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|Title: ||Lysozyme Deposition Studies on Silicone Hydrogel Contact Lens Materials|
|Authors: ||Nagapatnam Subbaraman, Lakshman|
|Keywords: ||Optometry & Ophthalmology|
|Approved Date: ||2005 |
|Date Submitted: ||2005 |
|Abstract: ||Over 60 proteins have been detected in the tear film and among these lysozyme has attracted the greatest attention. Several techniques for elucidating the identity, quantity and conformation of lysozyme deposited on soft contact lenses have been developed. Lysozyme also deposits on the newly introduced silicone hydrogel (SH) lens materials, but in extremely low levels compared to conventional hydrogel lenses. Hence, a major analytical complication with the study of the SH contact lens materials relates to the minute quantity of deposited lysozyme.
The first project of this thesis involved the development of a method whereby lysozyme mass extracted from SH lens materials would be preserved over time and would be compatible with an optimized Western blotting procedure. This methodological development was incorporated into a clinical study (CLENS-100® and Silicone Hydrogels ? CLASH study) wherein the difference in the degree of total protein, the difference in lysozyme deposition and activity recovered from lotrafilcon A SH lens material when subjects used surfactant containing rewetting drops (CLENS-100®) versus control saline was investigated. The remaining experiments were in vitro experiments wherein the lenses were doped in artificial lysozyme solution containing 125I-labeled lysozyme. These experiments were performed to gain insight into the kinetics of lysozyme deposition on SH lens materials and also the efficacy of a reagent in extracting lysozyme from SH lens materials.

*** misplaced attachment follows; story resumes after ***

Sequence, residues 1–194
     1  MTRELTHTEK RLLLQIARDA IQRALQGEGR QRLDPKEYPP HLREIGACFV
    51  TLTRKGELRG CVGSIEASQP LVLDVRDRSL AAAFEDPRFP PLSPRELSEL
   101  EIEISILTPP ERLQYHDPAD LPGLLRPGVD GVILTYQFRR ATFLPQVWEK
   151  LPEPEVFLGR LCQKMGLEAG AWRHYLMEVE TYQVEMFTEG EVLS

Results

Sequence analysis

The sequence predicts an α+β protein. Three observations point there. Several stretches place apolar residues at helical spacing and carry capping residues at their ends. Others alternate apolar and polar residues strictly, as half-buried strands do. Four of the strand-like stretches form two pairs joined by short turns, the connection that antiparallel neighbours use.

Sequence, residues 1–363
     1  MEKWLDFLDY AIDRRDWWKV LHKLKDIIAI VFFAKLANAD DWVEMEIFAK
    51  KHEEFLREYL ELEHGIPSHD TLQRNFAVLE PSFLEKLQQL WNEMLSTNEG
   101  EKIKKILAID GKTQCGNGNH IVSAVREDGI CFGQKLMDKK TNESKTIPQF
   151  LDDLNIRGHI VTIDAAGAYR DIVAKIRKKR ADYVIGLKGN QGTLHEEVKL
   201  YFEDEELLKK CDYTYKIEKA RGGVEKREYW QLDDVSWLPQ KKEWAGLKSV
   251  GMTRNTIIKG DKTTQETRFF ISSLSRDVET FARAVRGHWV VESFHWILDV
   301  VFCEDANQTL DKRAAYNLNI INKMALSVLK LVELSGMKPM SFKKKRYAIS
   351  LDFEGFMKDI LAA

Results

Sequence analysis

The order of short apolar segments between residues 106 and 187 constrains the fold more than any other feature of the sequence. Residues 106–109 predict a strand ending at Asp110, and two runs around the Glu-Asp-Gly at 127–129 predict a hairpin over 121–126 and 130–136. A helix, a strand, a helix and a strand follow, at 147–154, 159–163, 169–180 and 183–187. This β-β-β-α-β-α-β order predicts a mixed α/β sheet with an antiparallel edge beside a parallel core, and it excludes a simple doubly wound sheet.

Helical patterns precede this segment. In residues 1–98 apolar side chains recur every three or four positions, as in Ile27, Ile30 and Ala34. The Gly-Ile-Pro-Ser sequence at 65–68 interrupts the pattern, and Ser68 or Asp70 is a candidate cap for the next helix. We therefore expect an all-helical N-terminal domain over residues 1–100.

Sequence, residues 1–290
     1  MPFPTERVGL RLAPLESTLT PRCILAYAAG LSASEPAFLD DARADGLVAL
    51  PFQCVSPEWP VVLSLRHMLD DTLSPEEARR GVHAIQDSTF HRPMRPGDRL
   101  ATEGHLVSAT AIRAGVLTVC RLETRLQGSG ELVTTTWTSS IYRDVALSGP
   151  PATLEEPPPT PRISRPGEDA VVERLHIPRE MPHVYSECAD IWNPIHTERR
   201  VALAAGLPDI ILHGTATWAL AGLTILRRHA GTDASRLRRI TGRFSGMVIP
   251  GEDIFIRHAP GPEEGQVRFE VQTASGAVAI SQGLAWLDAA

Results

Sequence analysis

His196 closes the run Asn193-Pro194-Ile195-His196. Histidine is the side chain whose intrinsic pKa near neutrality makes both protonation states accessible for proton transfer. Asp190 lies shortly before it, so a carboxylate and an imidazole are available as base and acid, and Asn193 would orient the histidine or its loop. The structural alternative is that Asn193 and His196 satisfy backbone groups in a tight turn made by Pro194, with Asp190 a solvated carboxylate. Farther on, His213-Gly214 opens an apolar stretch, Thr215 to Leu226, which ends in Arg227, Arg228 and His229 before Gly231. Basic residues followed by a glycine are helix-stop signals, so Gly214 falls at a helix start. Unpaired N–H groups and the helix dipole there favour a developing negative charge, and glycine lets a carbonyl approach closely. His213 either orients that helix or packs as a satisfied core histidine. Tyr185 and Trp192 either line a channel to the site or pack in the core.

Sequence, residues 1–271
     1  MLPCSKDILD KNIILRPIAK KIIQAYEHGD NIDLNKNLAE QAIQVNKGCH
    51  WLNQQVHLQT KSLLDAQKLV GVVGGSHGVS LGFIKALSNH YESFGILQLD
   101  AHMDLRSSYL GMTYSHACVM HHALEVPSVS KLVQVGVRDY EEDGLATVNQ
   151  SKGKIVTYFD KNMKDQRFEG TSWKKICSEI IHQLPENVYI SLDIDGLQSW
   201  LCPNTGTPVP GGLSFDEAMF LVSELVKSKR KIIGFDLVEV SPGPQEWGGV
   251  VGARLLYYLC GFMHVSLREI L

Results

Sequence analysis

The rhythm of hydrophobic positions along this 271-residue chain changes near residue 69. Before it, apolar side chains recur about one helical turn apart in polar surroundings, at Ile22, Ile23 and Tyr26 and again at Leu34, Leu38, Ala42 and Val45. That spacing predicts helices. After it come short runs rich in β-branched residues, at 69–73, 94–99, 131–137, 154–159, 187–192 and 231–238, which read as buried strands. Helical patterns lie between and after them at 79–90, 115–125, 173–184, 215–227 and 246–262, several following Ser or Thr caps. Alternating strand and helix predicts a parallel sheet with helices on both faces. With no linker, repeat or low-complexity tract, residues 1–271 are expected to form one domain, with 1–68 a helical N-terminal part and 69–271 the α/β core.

A protocol was developed whereby the percentage loss of lysozyme mass found on lotrafilcon A SH lenses was reduced from approximately 33% to <1% (p<0. 001), following extraction and resuspension. The results from the CLASH study demonstrated that when subjects used a surfactant containing rewetting drop instead of a control saline drop total protein deposition (1. 2±0. 7 µg/lens versus 1. 9±0. 8 µg/lens, p<0. 001), lysozyme deposition (0. 7±0. 5 µg/lens versus 1. 1±0. 7 µg/lens, p<0. 001) and percentage lysozyme denaturation (76±10% versus 85±7%, p=0. 002) were all reduced. The results from the kinetics study demonstrated that lysozyme accumulated rapidly on etafilcon A lenses (1 hr, 98±8 µg/lens), reached a maximum on the 7th day (1386±21 µg/lens) and then reached a plateau (p=NS). Lysozyme accumulation on FDA Group II and SH lenses continued to increase across all time periods, with no plateau being observed (p<0. 001). The results from the extraction efficiency study showed that 0. 2% trifluoroacetic acid/ acetonitrile was 98. 3±1. 1% and 91. 4±1. 4% efficient in extracting lysozyme deposited on etafilcon A and galyfilcon lenses, while the lysozyme extraction efficiency was 66. 3±5. 3 % and 56. 7±3. 8% for lotrafilcon A and balafilcon lens materials (p<0. 001).
The results from these studies re-emphasize that novel SH lens materials are highly resistant to protein deposition and demonstrate high levels of biocompatibility.|
|Department: ||School of Optometry (Vision Science)|
|Degree: ||Master of Science|
|Appears in Collections:||Electronic Theses and Dissertations (UW)|
Faculty of Science Theses and Dissertations
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